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New Yorkers Live Side-by-Side and Worlds Apart

The Namesake. Photo: Credit: Allstar Picture Library Ltd./Alamy Stock Photo

It’s a small moment in The Namesake, directed by Mira Nair and adapted from the first novel by Jhumpa Lahiri. Gogol Ganguli has grudgingly brought his girlfriend, Maxine Ratliff, home to meet his mother, Ashima, en route to Maxine’s summer house for a long stay with her folks. His father, Ashoke, is away on a teaching gig. His parents settled and raised their kids in the bland suburbs north of the city, a short drive but psychologically far from Gogol’s posh 1990s Manhattan apartment — though he spends most of his time at either his fancy architecture job or the Ratliffs’ cavernous and lovely redbrick Greek Revival in Chelsea.

Gogol, proper name Nikhil, has dispensed with his pet name, which humiliates him. He’s Nikhil now, a Yale School of Architecture grad; with the Ratliffs, he’s Nick or Nicky. He dragged his feet coming home, but his mother insisted, and now here Maxine is, in humble Nyack, with her elegant clothes and crown of blonde hair, offering his mother a sophisticated, thrown-together gift basket of delicacies Ashima will have no idea how to use. Maxine admires Ashima’s sari. She correctly identifies it as a kantha. She explains that her own mother, Lydia, whom she calls by her first name, works at the Metropolitan Museum of Art in textiles. Ashima doesn’t seem to register the existence of this temple to world culture. “You’ve been there, Ma,” Gogol, a.k.a. Nikhil, a.k.a. Nick, says. “With all the steps. I took you there to see the Egyptian temple, remember?”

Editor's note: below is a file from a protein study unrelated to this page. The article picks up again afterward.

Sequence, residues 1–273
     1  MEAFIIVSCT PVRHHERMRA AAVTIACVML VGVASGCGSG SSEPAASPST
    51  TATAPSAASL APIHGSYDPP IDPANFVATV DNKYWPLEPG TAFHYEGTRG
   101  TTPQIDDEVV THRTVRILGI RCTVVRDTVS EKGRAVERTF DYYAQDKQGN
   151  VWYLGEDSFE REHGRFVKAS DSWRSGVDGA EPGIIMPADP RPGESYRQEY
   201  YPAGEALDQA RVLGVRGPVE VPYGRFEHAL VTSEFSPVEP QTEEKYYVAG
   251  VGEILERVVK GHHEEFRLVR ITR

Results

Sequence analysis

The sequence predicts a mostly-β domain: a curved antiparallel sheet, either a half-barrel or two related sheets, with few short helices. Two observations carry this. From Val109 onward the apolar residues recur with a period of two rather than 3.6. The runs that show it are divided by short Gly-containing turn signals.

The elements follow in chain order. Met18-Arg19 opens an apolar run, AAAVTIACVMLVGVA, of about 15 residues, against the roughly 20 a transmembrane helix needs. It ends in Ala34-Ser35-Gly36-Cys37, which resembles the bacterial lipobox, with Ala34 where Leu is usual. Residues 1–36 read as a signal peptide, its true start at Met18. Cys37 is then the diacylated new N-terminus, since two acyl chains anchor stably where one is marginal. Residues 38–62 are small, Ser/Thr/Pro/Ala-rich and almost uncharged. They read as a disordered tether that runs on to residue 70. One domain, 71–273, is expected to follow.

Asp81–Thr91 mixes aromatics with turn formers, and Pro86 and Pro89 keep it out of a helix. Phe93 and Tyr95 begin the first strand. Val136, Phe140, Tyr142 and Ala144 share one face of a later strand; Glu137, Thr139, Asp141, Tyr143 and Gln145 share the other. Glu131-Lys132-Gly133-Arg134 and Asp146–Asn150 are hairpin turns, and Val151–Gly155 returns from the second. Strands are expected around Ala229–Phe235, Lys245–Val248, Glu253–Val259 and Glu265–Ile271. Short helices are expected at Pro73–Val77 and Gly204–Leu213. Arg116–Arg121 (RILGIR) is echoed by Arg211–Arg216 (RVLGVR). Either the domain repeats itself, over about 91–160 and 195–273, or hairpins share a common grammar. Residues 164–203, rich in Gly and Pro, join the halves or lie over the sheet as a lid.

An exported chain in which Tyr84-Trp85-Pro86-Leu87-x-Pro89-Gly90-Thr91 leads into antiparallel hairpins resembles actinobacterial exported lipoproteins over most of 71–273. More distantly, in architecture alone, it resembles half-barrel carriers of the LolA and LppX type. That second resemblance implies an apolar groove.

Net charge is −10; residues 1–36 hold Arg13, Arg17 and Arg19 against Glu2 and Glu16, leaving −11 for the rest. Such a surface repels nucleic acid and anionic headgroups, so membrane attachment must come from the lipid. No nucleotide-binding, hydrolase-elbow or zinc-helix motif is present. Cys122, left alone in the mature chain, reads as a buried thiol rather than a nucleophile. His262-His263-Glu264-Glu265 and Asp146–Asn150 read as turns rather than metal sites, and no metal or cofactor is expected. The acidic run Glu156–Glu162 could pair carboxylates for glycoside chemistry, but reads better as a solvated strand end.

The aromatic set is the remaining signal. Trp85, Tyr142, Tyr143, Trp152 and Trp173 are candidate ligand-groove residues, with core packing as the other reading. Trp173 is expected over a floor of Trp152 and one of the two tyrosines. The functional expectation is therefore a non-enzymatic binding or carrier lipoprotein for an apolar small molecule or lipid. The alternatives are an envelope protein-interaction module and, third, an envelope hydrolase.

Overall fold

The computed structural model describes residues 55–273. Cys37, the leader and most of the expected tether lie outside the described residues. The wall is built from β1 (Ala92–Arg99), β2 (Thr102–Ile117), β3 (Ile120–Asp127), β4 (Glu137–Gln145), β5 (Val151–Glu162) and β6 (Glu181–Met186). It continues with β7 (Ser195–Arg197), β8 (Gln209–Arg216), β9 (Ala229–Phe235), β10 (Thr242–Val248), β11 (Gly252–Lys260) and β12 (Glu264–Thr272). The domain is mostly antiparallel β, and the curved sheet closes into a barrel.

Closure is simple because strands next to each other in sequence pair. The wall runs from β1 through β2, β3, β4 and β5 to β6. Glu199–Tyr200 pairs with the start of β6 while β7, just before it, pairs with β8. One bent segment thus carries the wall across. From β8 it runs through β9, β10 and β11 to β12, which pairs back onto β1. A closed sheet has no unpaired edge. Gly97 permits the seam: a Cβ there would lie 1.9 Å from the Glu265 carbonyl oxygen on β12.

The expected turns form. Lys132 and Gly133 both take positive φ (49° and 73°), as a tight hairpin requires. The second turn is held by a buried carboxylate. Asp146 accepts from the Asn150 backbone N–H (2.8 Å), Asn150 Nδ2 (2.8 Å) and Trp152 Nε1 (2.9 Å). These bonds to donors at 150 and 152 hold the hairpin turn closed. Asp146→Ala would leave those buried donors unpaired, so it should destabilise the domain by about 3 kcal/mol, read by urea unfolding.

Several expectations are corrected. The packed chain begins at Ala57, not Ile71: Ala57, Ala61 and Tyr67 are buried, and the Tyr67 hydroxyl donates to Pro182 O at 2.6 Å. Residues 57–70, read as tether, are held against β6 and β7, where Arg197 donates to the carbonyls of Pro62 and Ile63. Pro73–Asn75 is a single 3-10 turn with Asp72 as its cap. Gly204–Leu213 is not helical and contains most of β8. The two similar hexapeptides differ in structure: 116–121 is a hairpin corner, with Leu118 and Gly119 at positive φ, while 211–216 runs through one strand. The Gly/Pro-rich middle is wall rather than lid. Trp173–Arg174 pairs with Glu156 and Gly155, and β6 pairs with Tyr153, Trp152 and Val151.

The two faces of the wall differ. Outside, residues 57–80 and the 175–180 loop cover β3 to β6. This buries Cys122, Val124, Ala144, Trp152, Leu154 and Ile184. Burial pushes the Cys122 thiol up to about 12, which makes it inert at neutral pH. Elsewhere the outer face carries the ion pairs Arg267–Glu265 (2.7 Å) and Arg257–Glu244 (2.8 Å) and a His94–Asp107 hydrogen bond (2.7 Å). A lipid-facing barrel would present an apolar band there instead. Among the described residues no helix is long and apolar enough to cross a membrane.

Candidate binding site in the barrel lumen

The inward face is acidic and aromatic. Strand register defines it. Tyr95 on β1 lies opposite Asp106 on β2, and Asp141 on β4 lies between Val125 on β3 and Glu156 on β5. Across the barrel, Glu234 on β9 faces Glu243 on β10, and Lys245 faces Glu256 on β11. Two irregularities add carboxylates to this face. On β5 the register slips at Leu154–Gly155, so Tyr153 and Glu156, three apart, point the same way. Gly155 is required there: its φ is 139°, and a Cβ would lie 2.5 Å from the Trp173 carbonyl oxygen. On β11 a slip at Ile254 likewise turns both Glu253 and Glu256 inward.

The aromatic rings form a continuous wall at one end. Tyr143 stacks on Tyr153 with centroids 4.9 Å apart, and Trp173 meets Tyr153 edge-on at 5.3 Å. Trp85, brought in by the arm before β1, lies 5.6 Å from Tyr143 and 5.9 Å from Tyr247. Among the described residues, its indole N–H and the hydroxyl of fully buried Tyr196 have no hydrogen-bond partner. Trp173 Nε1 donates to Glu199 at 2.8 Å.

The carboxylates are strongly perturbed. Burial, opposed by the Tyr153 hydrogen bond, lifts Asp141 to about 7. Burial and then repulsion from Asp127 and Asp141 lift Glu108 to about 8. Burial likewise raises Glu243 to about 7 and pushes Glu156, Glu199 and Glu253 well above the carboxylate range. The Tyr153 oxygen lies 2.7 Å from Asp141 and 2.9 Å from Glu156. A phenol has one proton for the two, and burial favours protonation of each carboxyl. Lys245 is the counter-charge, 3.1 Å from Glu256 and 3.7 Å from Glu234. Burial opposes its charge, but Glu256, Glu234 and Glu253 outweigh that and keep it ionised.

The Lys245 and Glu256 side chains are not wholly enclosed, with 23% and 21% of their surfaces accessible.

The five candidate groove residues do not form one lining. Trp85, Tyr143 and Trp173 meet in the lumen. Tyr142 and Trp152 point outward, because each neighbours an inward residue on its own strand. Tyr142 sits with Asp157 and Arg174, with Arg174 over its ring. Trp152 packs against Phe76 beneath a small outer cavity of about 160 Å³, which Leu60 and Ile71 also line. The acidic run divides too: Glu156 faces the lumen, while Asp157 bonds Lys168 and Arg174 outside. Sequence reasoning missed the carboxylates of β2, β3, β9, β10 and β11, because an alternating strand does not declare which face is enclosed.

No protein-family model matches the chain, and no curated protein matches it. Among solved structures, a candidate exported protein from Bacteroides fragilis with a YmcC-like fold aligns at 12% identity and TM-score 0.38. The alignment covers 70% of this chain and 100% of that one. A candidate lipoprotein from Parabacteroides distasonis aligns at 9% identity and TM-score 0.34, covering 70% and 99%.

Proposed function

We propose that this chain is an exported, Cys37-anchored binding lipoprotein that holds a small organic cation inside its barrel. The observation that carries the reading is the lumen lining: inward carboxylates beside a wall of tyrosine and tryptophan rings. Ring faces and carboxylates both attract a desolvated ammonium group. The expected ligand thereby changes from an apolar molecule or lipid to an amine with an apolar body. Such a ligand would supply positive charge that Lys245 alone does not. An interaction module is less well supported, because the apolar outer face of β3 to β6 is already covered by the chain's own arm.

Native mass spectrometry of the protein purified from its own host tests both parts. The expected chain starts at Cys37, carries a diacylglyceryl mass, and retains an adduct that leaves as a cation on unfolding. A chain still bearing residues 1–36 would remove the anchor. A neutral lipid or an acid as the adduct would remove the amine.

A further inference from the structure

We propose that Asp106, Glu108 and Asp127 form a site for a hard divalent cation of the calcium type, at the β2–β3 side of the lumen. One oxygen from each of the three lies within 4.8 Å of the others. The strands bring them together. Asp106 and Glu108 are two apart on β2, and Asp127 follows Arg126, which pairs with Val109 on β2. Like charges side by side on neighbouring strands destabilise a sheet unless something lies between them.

Perhaps no film shows the pain and the poetry of the assimilative process quite like The Namesake. And arguably, no place can hold the contours of this story as completely as New York can. In Nair’s hands, the city is a transformative entity for anyone who enters. It is in New York that Ashima and Ashoke, married by arrangement, become partners. Years before, they started a new life in a drafty first apartment in the same city that seduces Gogol away, inviting him into settings his parents could never comfortably set foot in. Where else in America could this immigrant tale unfold but New York, where mother and son at once live so close and on different planets?

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New Yorkers Live Side-by-Side and Worlds Apart